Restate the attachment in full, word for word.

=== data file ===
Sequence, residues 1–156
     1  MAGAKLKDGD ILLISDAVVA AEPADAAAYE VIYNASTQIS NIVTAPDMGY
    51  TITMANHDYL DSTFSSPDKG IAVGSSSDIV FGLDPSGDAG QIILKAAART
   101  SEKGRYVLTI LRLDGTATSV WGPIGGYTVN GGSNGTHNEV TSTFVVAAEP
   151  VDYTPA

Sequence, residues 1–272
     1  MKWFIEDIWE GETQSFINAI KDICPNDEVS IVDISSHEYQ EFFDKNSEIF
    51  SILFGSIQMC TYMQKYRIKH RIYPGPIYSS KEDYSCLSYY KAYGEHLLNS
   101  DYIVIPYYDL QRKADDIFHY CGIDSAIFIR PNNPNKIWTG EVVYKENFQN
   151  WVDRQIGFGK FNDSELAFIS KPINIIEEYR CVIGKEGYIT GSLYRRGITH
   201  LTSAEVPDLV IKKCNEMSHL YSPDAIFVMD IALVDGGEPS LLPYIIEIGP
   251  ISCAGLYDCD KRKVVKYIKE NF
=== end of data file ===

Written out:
Sequence, residues 1–156
     1  MAGAKLKDGD ILLISDAVVA AEPADAAAYE VIYNASTQIS NIVTAPDMGY
    51  TITMANHDYL DSTFSSPDKG IAVGSSSDIV FGLDPSGDAG QIILKAAART
   101  SEKGRYVLTI LRLDGTATSV WGPIGGYTVN GGSNGTHNEV TSTFVVAAEP
   151  VDYTPA

Sequence, residues 1–272
     1  MKWFIEDIWE GETQSFINAI KDICPNDEVS IVDISSHEYQ EFFDKNSEIF
    51  SILFGSIQMC TYMQKYRIKH RIYPGPIYSS KEDYSCLSYY KAYGEHLLNS
   101  DYIVIPYYDL QRKADDIFHY CGIDSAIFIR PNNPNKIWTG EVVYKENFQN
   151  WVDRQIGFGK FNDSELAFIS KPINIIEEYR CVIGKEGYIT GSLYRRGITH
   201  LTSAEVPDLV IKKCNEMSHL YSPDAIFVMD IALVDGGEPS LLPYIIEIGP
   251  ISCAGLYDCD KRKVVKYIKE NF